Clearing the air: What lies ahead for LNG in the Asia-Pacific region

Science & technology

Owning cars and getting into the latest and greatest in technology, homewares and personal effects is quickly catching on with Asia’s rising middle class. China and India are at the epicentre of where it’s all happening. As the need for energy grows, these countries are looking for alternative energy sources with lower emissions, and LNG appears to be the game changer. So, where does the future lie for these two energy-consuming giants that are driving the region’s LNG growth?

China is working towards its Blue Sky initiative, transitioning from coal to a range of low-carbon options, such as LNG, for its energy needs. ExxonMobil is a major exporter of LNG to China and sources the product from countries like PNG and Australia. China’s efforts in environmental protection have markedly reduced the smog and pollution that has plagued Chinese skies for years. Natural gas, being a cleaner energy source, is definitely one of the key contributors.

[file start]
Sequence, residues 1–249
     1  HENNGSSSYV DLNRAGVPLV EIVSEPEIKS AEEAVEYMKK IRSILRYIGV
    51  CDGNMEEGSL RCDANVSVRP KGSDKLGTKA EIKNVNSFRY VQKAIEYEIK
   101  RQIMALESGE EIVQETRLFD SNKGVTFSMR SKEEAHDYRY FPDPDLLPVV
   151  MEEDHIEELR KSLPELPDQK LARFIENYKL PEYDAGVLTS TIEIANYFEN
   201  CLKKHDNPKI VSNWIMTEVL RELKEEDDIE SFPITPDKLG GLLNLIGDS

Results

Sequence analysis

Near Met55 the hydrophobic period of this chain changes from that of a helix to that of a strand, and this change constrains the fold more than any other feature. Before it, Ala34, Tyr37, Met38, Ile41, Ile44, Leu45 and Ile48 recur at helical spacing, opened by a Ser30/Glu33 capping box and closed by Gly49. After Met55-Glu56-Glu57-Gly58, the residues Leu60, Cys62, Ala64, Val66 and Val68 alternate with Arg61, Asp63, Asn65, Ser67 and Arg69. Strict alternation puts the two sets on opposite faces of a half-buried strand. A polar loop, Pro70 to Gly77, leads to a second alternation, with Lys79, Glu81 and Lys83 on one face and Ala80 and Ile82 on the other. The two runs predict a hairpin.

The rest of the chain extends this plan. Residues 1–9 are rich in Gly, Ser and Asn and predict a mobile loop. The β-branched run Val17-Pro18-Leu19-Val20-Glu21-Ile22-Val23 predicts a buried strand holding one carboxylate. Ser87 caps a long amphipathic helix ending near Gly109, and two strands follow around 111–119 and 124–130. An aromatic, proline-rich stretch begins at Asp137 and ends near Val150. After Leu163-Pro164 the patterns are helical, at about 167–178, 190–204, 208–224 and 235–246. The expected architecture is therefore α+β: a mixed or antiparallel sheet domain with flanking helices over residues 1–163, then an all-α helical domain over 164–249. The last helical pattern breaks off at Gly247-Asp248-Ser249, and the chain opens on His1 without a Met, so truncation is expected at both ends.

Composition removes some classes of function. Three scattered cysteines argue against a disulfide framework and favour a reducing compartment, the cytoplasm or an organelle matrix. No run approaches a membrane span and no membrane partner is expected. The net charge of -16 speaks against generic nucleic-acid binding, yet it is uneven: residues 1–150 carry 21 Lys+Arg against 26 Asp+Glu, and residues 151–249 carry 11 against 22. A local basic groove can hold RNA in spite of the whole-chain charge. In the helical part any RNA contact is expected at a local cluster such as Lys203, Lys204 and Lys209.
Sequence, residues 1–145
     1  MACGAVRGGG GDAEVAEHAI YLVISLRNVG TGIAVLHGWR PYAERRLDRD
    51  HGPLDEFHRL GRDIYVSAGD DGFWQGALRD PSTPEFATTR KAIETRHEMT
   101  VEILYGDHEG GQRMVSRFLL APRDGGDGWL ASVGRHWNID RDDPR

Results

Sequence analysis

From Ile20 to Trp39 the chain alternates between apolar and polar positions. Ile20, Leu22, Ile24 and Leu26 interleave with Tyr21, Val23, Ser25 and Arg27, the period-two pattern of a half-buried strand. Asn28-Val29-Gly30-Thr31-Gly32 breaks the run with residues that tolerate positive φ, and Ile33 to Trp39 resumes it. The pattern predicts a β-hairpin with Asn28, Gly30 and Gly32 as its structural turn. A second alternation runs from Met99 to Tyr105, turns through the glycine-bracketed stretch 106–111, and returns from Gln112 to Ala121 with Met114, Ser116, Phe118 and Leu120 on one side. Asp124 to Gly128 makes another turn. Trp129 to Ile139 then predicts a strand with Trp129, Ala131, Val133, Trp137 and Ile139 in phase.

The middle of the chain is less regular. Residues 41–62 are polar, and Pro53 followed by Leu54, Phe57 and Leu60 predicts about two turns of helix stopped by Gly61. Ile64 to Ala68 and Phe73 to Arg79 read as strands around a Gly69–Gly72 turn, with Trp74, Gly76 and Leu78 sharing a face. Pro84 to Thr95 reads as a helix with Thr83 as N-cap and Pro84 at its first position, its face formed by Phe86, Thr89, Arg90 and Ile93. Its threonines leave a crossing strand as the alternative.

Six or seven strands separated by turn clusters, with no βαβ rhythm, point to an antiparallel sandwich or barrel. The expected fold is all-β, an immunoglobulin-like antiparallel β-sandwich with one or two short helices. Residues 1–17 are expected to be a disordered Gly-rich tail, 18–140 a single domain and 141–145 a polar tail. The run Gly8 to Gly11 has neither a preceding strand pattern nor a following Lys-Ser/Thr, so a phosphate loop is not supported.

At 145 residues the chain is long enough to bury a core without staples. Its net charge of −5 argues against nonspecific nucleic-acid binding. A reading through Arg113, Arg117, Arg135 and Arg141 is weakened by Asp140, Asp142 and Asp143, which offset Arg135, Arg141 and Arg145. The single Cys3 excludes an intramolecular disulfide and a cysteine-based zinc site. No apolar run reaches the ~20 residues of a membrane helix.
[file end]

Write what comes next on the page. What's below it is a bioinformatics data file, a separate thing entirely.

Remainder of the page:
There are long-term plans to facilitate the low-carbon shift. ExxonMobil is also a part of scaling LNG infrastructure in China, with the company signing an agreement with the Guangdong province for the potential construction of an LNG receiving terminal.

India too is set to embrace a similar path to increase its reliance on natural gas from 6 percent to 15 percent by 2030. The residential, commercial and industrial sectors will be the drivers for India’s LNG demand over the next few years.

The challenge is getting its infrastructure in place to cope with the increasing demand for LNG. There are currently four receiving terminals and plans to build 11 more. In its move towards a gas-based economy, India has embarked on doubling the pipeline network and establishing various regional gas grids. The government’s target is that 70 percent of the population should have access to piped natural gas within the next three years. ExxonMobil has been the pioneer in developing the LNG market in India, with gas imports from Qatar and Australia.

More cars and new technologies will increase energy needs, but the driver for both governments is the promise of blue skies and cleaner air for all.

Explore more about ExxonMobil and LNG here.

Tags:   ChinaIndiaLNGLNG demand
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